By the time we left it was getting dark, so we headed back to our hotel, stopping to eat at the only restaurant on the way.  At the restaurant we had Iceland Char, which is a less pink version of salmon, but with pink spots on the skin. (very tasty)

Down the street from the restaurant were more horses.

Iceland Day 5

Iceland Day 5

The weather on the morning of day five was much better than the previous day. The skies were clear and the weather was crisp, but not cold most of the time.

We headed east to the Landbrotsholar hills, but we got lost at first because many roads share nearly the same name. When we finally did find the hills we found the famous basalt columns were blocked off and the hexagonal ground stones were completely covered in snow.

We searched for restaurants but were turned away because either the places weren’t open in the winter or they weren’t opening for another hour.  We headed east again munching on the snacks we’d bought in Selfoss.

On our way to Svartifoss we stopped several times to take photos of close up mountains or far off glaciers.

At Svartifoss the weather was nice, i.e. the sun was out and the wind was absent. We went on a 2km hike to the lower waterfall and then then Svartifoss, the “black waterfall.”

Svartifoss is an impressive foss not for the width or height of the water, but for the crown of hexagonal black basalt columns that run all around it.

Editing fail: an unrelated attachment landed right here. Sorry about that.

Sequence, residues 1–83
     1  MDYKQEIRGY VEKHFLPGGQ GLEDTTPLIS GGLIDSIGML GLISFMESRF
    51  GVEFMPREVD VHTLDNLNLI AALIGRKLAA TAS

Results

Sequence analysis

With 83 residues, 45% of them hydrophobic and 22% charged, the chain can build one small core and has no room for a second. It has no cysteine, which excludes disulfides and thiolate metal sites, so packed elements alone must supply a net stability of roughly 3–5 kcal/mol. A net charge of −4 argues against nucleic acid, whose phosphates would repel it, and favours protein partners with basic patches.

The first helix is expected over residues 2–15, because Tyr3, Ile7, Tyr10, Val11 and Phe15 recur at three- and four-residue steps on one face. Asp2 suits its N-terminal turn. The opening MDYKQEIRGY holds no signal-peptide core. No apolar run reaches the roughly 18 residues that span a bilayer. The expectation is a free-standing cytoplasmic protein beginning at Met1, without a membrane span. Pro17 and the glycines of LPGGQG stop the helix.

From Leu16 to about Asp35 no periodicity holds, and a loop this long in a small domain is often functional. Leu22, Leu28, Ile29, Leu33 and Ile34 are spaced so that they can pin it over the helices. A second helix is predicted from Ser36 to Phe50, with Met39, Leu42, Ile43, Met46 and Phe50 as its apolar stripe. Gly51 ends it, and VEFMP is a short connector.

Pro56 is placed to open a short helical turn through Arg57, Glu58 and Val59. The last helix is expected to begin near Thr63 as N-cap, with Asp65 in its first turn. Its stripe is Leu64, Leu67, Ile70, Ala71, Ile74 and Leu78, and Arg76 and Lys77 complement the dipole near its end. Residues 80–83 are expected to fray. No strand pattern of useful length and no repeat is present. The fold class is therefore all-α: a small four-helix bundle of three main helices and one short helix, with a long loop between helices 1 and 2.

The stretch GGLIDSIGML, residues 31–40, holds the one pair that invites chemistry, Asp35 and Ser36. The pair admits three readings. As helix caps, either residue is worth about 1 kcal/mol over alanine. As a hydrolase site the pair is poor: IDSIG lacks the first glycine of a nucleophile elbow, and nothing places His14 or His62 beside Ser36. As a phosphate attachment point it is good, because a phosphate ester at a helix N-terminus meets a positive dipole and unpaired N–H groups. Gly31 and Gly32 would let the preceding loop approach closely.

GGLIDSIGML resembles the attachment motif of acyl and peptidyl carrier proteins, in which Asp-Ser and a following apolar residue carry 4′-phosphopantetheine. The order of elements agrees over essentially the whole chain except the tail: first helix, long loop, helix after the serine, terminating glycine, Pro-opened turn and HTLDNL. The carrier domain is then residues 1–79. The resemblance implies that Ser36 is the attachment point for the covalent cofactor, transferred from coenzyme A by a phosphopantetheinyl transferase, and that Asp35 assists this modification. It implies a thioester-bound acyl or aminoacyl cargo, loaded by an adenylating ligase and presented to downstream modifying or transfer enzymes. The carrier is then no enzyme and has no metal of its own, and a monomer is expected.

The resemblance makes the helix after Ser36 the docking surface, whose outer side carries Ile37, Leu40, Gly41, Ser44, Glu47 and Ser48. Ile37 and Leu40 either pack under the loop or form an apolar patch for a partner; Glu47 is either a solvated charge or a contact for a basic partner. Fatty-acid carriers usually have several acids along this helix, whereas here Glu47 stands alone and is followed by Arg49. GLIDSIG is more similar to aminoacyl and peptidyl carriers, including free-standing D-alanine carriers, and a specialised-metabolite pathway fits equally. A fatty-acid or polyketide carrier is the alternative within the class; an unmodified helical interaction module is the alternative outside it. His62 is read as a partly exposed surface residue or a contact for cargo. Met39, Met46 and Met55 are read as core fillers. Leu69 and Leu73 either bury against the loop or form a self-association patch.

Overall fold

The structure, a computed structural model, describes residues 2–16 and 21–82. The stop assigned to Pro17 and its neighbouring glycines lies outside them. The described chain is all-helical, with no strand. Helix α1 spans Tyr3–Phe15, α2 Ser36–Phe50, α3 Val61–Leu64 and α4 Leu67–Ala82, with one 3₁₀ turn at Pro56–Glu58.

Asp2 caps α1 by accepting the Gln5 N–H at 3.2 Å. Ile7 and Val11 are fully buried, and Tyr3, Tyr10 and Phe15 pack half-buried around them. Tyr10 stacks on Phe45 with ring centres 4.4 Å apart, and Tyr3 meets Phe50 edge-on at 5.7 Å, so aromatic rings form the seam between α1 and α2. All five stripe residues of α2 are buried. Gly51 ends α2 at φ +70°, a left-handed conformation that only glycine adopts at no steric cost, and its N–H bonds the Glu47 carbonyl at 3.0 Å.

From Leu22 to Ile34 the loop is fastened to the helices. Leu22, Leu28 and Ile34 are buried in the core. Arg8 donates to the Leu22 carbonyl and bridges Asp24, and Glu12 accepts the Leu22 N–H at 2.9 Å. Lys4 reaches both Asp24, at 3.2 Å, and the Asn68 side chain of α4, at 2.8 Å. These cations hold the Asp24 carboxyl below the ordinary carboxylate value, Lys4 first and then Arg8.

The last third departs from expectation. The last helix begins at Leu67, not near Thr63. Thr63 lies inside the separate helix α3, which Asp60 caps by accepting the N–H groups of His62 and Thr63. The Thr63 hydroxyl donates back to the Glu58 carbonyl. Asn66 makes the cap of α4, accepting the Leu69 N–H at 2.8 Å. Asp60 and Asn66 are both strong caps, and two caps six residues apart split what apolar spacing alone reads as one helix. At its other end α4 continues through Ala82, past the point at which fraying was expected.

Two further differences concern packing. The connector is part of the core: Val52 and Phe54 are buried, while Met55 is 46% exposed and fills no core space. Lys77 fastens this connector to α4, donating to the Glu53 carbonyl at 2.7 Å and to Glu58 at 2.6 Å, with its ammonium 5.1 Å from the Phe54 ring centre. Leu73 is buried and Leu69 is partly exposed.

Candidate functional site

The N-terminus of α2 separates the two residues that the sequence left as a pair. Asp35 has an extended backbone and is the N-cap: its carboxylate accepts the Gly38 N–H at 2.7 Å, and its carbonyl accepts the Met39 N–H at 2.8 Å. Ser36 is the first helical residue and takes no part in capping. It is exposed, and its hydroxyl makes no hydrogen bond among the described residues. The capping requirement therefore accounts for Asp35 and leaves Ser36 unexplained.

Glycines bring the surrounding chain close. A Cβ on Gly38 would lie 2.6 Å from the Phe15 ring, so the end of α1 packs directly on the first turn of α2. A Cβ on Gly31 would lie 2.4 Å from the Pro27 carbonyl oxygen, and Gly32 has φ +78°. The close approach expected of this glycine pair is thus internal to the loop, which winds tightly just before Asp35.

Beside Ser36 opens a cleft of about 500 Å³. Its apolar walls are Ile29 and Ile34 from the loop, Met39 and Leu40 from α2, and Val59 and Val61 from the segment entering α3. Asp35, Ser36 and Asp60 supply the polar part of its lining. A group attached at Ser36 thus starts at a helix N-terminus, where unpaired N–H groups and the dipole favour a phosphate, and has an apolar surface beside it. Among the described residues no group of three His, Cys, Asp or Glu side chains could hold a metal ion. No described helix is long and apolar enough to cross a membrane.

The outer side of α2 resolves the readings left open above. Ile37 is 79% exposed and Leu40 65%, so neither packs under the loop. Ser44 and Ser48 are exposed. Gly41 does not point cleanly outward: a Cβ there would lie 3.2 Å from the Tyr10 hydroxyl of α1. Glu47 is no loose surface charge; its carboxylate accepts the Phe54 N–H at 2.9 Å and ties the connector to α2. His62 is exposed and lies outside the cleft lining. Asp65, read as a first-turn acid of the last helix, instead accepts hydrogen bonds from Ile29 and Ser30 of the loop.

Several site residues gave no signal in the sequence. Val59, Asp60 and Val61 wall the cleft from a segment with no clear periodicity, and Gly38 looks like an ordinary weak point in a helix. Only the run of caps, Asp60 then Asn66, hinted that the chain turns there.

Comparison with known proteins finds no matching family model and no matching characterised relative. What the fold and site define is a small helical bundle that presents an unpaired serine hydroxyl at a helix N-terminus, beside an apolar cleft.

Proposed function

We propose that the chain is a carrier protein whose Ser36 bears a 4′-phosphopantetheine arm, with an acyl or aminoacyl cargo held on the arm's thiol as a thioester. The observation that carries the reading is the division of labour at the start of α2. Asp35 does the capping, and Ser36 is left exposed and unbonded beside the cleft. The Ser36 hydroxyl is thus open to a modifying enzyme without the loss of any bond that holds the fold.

After Svartifoss we stopped at the next apple command we saw (it was commanding us to stop!). It wasn’t on our list and so we weren’t sure what it would be. It turned out to be Svinafellsjokull, the lip of another glacier gliding out into a lake.

Very few people were there, and eventually we hiked out to an area where we were alone on the side of a mountain facing the glacier.  It was the most serene and beautiful place we’d seen (so far). Both of us had the same thought as we stood there with our cameras. Cameras are useless in this place. There is no way a recording (video or static) can convey what it’s like to stand there on a volcanic mountain cliff over a blue glacier lake, and know you’re alone for miles in every direction.

Our next stop at sunset was the famous jokalsarlon glacier lagoon and the black sand beach with the glaciers that have gone our to sea. The lagoon itself wasn’t as impressive as we’d been lead to believe.

However, the nearby beach, with massive angry waves crashing into school-bus sized bright blue glacial fragments was worth the stop.